Ticks causing fever were documented as far back as ancient Egyptian times; they’re also famous for spreading Lyme disease. Australia even has something called a Paralysis Tick, which you don’t often hear mentioned in their tourism brochures. But there’s a new tick in town that’s a lot more useful to us… the blue ticks on a WhatsApp message, indicating that we’ve officially communicated with someone.
You can send images, video clips, audio files and make calls, and the company prides itself on being securely encrypted, for free. All with an interface that makes it easy for your technophobe aunt to use, partly why it’s achieved so much success over the last decade.
Other messaging options like Viber, Telegram and WeChat are all solid, but can’t beat the current messaging heavyweight champion. With 30 billion WhatsApps sent daily, it’s the most popular messaging application on the planet.
What is the protocol with WhatsApp and instant messaging? Does it have a place in business, or is it just for sexting couples or teen gossip? Is it too intrusive to be used on a professional level?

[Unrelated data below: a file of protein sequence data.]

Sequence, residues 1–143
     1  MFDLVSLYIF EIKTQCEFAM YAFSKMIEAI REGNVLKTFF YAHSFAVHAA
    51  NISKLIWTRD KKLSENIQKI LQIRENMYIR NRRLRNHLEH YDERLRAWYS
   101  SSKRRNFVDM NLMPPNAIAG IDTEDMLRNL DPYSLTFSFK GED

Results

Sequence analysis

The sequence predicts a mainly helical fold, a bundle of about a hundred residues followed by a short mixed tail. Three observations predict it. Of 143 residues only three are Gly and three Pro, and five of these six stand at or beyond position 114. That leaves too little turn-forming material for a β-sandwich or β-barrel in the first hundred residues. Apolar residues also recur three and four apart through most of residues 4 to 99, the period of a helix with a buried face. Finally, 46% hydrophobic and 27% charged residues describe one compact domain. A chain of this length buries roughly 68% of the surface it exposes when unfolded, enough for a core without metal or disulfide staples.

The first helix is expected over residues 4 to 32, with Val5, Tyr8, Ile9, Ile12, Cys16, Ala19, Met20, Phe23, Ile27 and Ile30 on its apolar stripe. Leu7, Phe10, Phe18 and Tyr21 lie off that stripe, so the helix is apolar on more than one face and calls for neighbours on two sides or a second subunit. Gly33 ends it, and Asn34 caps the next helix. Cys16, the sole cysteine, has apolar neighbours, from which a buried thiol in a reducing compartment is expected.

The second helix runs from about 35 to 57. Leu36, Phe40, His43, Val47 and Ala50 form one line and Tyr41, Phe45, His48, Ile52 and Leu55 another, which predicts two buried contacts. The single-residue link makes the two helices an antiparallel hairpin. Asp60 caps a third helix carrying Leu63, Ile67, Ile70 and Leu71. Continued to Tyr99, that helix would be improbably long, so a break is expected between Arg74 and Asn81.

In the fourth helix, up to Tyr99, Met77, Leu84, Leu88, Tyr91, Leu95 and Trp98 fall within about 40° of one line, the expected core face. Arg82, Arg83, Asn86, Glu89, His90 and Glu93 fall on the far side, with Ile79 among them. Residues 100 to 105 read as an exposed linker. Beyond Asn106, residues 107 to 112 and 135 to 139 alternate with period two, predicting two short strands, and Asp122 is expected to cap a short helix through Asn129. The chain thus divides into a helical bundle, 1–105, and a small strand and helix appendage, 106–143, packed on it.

Using Direct Messages on Twitter, Facebook mails or even asking someone to get hold of you via your Instagram comments could once be seen as an encroachment on privacy, but are now all fair game to aid communication. Like it or not, shouldn’t we be able to use all the new communication tools at our disposal?
When cellphones first came out, they were nice to have, and then became an invasion of privacy. Getting hold of someone immediately suddenly became the most important thing. Was instant connection just as important when you could only get hold of people on a landline? Back then you had to plan ahead for proper correspondence.
Even further back, Pheidippides is said to have run from Marathon to Athens (250km) to deliver news of a military victory against the Persians. If only he’d had WiFi.